By Jerry Schafer
Las Vegas hotel-casino properties no longer rely on gaming revenues to
provide the bulk of their profits.
To be sure, gaming revenues are part of the revenues collected;
however, for a multitude of reasons, the main lure to Las Vegas is no
longer the casinos.
In the past — prior to the advent of corporate mentality becoming the
way of doing business in a Las Vegas hotel-casino operation; prior to
the IRS moving in on the gaming industry, imposing their rules and
regulations; prior to more and more Las Vegas hotel-casinos being
built bigger and better than their competition; prior to more gaming
taking place throughout the USA in Indian casino operations; prior to
more foreign gaming attractions; and prior to the change from Las
Vegas being known as an adult playground to becoming a family-oriented
vacation place — Las Vegas casinos were the backbone of every hotel
operation in the city.
The twenty-first century has found Las Vegas hotels adding nightclubs,
bowling alleys, movie theaters and other attractions to their
properties, together with a variety of shops and stores, a multitude
of restaurants, world-class swimming pools and other attractions that
attract potential players away from the casinos.
As far as entertainment is concerned, that too — compared to the
showroom attractions that were found on the Las Vegas Strip and in
downtown Las Vegas back in the ’50s and ’60s — has become, for the
most part, a second-class series of attractions.
Las Vegas was dubbed the Entertainment Capital of the World back in
the 1960s because Las Vegas hotels presented a multitude of “stars”
who appeared in many Las Vegas hotels simultaneously.
It was commonplace to find Frank Sinatra, Sammy Davis Jr, Liberace, Elvis
Presley and other famous stars, all appearing at the same time in
different hotels. Tourists were dazzled by the menu of first-class
entertainment offered throughout the city.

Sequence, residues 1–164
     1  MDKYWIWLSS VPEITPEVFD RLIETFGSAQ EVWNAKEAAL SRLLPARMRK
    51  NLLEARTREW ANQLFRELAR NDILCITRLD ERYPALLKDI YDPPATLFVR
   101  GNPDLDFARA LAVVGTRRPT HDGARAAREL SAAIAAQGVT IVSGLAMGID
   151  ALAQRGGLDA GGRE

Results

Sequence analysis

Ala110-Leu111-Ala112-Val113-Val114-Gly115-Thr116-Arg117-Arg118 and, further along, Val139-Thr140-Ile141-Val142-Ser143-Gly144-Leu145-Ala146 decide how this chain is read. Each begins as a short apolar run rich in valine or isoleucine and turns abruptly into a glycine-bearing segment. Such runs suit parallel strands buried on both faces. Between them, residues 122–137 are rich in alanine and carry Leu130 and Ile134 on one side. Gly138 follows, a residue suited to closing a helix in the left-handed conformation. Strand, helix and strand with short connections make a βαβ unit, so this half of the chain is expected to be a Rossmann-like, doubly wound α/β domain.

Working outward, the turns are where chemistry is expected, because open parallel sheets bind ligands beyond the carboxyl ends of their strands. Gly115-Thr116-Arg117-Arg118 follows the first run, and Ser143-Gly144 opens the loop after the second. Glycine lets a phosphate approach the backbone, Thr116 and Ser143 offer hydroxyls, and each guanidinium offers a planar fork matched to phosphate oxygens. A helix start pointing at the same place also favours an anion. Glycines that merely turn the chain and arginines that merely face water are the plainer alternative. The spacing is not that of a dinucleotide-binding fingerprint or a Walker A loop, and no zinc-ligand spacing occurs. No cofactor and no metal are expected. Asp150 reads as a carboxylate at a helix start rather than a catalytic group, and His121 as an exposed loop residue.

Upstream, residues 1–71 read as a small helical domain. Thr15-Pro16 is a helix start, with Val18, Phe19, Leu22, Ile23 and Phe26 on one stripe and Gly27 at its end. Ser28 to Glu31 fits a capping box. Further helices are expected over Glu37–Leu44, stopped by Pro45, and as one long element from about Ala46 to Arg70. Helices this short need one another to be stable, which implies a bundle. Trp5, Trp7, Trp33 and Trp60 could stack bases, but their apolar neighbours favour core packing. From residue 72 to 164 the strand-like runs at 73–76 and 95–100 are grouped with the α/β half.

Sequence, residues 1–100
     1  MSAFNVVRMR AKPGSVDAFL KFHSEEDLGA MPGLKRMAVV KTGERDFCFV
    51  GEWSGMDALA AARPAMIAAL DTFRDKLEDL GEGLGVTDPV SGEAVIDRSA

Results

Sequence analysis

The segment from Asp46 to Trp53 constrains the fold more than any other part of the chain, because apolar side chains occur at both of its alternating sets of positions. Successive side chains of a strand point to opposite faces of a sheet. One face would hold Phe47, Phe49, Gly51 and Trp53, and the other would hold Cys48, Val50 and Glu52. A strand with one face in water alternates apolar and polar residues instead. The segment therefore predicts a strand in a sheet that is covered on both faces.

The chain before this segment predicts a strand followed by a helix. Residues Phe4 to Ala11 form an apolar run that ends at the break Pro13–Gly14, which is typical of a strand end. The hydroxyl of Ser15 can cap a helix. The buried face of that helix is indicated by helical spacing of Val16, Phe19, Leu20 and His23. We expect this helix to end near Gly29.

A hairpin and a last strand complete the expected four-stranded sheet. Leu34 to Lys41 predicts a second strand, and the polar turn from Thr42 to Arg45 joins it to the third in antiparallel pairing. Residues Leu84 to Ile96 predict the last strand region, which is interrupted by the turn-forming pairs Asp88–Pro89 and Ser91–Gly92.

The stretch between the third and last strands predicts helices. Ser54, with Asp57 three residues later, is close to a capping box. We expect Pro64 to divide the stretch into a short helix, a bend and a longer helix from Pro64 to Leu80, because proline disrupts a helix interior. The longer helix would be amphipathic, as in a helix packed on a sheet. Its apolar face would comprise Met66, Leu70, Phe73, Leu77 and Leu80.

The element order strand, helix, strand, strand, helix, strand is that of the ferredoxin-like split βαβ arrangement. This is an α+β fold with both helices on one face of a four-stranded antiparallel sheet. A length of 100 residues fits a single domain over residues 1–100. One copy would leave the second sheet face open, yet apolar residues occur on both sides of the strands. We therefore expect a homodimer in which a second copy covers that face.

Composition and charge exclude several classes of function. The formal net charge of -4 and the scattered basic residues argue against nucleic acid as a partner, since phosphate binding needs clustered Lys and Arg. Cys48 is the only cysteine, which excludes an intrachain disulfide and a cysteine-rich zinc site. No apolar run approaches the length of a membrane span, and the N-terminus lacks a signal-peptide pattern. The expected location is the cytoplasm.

Hotels that weren’t on what was known as the ‘star policy’ presented
lavish musical variety shows with topless showgirls clad in expensive
feathers and rhinestones and eye-dazzling headpieces. The sets were
amazing moving objects complete with rain curtains and sets that took
audiences into visual adaptations of things like earthquakes right on
Together with this were the beautiful, expensive and sexy costumes
worn by the chorus of dancers and singers; and added to this was the
presentation of world-class variety acts, backed by large live
Corporate mentality caused these wonderful crowd-pleasing shows to
disappear and become a thing of the past.
No longer would Las Vegas hotels present dinner shows in their main showrooms.
No longer would Las Vegas hotel showrooms use live orchestras as the
new breed discovered that they could get by using ‘canned’ music, a
much cheaper way to operate.
No longer would hotel-casinos finance the production of the shows
taking place in their showrooms. Four-walling to independent producers
became the order of the day.
Independent producers would sign agreements based on criteria that
included showroom attendance, wherein the producer would be
responsible for all costs related to the presentation of the shows…
the cast, stagehands, lighting and sound and every other cost,
If the showroom maintained a minimum of 50 percent capacity at each
performance, the show would be allowed to run indefinitely. If,